‘Upward convergence’ has been a key pillar of the European Union project, originally encapsulated in the Treaty of Rome (1957) in which the founding members expressed the desire to ‘strengthen the unity of their economies and to ensure their harmonious development by reducing the differences existing between the various regions.’ Without economic and social cohesion, the EU would be as manageable as an overly diversified industrial company.
The EU may have its detractors, but it did achieve upward convergence amongst its members over the last twenty years. It did not go smoothly, though: the positive trends during the 00s were interrupted by the Great Financial Crisis to resume in 2014 only. And to be interrupted again by the current crisis.
Dealt by fate, this new blow has hit the Southern European countries disproportionately compared to their Northern neighbors. This is due to the South’s greater reliance on small and medium size enterprises which are inherently more vulnerable (diversification, access to financing) and on services, chiefly tourism, since more affected by mobility restrictions and/or social distancing. The June ECB forecasts anticipate that the Euro Area GDP will decline by 9% this year, with Spain (-11.5%), France (-10.3%), Portugal (-9.5%) and Italy (-9.2%) underperforming the North (roughly -7%), thereby deepening the existing North-South divide in a material way.
But what is this socio-economic North-South divide which can be observed worldwide? At the global level, the Brandt Line has been used to show the split between the relatively richer nations of the North and the poorer ones of the South. The United States has its Mason-Dixon Line and U.S. Route 40, for example. The North-South divide exists not only in Europe as discussed above, but within its countries such as Italy, the UK, Spain and France. In Germany, a socio-economic divide alongside the Uerdingen Line is said to have appeared, almost superseding the historical West-East divide. The same pattern can be observed in South America (e.g. Argentina, Brazil) and in Asia, including China with its Qinling–Huaihe Line.* In fact, it even exists within large cities such as Paris, London or Manhattan. It is a key feature of the world of GoT too!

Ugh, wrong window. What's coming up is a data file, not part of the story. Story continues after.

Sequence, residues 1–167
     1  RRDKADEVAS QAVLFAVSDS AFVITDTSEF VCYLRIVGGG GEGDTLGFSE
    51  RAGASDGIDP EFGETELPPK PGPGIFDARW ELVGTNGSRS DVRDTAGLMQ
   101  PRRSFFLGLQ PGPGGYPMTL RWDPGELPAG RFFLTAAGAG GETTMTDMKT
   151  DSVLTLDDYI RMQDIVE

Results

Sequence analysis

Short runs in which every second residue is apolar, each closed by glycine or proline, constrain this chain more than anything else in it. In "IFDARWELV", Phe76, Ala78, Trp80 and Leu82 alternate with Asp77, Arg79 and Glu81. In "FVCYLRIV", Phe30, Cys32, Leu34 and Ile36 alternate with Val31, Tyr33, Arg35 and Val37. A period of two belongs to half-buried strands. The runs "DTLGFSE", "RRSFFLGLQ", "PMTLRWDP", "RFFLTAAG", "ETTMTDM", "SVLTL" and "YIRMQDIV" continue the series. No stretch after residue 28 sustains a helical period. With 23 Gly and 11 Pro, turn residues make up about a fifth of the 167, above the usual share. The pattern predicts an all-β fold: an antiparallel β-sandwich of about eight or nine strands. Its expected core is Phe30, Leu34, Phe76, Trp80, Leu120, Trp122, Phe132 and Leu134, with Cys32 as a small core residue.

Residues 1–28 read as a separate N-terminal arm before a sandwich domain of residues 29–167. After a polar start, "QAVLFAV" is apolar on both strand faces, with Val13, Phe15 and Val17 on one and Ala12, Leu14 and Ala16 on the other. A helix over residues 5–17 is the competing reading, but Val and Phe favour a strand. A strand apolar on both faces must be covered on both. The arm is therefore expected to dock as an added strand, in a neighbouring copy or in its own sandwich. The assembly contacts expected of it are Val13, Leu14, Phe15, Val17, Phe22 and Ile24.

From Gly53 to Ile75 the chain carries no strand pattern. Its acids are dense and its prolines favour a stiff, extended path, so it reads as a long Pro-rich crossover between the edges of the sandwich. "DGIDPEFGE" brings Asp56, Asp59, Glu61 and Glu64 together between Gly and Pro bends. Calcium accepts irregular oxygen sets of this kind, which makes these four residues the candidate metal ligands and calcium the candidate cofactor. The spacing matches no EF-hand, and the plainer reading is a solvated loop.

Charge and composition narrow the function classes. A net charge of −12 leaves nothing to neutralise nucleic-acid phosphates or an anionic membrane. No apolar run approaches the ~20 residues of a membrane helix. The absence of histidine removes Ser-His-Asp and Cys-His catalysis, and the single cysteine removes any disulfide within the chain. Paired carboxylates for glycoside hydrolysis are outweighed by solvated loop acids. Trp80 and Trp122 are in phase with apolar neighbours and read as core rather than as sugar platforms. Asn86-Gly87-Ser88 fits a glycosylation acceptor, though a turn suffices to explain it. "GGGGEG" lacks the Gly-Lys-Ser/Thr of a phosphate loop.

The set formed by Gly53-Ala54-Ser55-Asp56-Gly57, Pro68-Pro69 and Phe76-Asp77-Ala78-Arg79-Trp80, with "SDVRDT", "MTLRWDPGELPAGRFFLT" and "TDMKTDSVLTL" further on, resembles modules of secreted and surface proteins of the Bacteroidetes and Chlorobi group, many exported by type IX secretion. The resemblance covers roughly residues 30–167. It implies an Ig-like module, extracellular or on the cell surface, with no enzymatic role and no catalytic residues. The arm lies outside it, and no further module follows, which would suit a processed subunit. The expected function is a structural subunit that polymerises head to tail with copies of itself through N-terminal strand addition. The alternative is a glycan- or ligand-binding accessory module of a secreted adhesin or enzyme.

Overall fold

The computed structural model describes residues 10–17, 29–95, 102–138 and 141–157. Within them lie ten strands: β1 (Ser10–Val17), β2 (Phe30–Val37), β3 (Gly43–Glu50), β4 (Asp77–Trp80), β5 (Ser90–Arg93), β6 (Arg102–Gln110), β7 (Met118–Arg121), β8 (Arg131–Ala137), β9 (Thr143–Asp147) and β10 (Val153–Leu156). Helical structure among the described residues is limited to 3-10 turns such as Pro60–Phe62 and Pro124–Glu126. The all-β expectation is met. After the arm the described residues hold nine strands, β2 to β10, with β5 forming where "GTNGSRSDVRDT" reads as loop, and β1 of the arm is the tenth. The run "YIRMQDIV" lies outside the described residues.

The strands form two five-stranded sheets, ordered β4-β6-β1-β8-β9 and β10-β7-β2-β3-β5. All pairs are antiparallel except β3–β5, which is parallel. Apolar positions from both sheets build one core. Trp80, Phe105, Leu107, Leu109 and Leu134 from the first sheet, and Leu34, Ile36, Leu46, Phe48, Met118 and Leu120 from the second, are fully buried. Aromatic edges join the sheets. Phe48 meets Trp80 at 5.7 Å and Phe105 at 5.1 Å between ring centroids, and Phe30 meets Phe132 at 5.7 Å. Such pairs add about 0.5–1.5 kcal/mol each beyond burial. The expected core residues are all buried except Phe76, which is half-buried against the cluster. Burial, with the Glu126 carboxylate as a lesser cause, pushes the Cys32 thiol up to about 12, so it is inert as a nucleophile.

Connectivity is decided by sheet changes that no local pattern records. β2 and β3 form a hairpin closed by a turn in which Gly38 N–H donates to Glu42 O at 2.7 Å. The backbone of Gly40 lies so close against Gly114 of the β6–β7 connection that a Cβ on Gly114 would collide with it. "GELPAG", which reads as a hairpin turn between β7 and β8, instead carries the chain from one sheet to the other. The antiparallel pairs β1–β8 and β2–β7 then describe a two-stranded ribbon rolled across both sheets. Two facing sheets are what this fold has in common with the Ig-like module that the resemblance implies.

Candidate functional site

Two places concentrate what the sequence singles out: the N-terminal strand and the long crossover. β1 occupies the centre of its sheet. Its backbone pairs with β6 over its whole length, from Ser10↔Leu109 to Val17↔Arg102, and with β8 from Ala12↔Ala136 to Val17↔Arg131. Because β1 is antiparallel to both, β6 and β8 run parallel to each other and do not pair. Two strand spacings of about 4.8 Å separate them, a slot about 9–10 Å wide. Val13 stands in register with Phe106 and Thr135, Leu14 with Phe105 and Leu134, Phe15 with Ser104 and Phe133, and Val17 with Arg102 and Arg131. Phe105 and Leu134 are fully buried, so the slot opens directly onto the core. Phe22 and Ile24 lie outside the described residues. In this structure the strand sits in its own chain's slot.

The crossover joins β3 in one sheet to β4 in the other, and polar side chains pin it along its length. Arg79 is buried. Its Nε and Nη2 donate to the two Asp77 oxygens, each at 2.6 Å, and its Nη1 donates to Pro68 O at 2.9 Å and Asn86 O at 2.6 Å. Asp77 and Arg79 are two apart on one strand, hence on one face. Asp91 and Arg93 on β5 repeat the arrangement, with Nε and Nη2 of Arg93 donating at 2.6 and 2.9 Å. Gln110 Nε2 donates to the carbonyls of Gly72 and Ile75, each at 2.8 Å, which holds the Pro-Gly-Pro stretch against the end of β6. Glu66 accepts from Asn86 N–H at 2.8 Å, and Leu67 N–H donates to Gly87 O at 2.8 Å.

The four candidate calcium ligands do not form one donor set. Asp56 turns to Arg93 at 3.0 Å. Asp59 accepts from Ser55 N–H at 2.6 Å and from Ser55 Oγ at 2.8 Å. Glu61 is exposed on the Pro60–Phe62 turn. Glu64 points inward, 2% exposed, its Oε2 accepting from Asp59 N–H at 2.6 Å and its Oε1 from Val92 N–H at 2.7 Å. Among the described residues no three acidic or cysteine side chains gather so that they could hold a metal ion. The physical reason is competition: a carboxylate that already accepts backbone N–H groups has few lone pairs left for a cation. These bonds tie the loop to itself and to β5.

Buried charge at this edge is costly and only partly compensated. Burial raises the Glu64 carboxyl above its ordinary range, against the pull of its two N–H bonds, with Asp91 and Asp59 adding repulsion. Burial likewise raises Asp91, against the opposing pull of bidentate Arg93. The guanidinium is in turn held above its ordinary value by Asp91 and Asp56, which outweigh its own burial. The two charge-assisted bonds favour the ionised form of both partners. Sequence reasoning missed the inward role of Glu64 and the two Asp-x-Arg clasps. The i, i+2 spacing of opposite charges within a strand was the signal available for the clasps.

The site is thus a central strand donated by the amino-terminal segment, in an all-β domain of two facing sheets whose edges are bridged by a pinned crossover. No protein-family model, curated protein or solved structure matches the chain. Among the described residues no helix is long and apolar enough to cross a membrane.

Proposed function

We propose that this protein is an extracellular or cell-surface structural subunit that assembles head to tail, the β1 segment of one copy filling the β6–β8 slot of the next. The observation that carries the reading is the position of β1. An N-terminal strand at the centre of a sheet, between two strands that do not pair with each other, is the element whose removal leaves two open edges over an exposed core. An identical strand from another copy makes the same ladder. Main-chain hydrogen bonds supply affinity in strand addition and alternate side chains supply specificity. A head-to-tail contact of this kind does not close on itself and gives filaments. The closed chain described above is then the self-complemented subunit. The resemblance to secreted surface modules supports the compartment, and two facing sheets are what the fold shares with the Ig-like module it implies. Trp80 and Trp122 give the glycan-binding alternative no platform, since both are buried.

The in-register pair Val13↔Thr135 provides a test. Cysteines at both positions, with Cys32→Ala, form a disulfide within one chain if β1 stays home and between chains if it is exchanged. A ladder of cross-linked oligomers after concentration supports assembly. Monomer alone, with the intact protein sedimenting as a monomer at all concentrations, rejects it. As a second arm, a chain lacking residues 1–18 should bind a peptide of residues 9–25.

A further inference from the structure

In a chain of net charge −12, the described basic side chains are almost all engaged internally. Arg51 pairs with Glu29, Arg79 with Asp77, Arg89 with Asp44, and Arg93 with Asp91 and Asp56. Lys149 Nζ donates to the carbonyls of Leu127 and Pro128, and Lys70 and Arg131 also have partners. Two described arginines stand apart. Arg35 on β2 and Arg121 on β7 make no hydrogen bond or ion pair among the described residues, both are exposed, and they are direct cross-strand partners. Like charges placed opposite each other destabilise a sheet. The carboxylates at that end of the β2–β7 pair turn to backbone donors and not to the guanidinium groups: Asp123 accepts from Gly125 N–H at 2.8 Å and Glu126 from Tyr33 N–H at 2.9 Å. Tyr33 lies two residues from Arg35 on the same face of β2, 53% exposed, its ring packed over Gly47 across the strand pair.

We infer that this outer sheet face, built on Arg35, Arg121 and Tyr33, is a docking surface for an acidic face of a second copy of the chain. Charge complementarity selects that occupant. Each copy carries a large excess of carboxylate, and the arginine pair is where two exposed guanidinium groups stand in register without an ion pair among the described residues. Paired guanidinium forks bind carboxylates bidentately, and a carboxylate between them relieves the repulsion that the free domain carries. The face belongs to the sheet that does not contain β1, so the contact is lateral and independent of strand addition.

Michael Porter’s clusters may explain why certain economic centers emerge at the expense of their periphery, but why does it need to be so frequently alongside a North-South axis? It is a mystery yet to be elucidated. It seems like this pattern of divergence has entered the collective psyche to repeat itself irresistibly, endlessly, reinforced by resilient stereotypes.
To reboot its economy and prevent a reversal of economic convergence in the coming years, the European Union could approve a $750 billion European Recovery Funds in some shape or form as early as next week. The funds would be raised through the financial markets by the European Commission itself, leveraging its strong rating – which is a first touted as a political breakthrough. This noble initiative, which would provide a macro boost next year, is appreciable since equivalent to c.5% of GDP. That said, observations across the world and throughout history suggest that the forces opposing North-South convergence are formidable. If anything, this latest fiscal plan provides a sense of Europe’s mad ambition and resolve.
* I am leaving aside Korea’s and Vietnam’s North-South divide as too easily explained by current or historical geopolitical considerations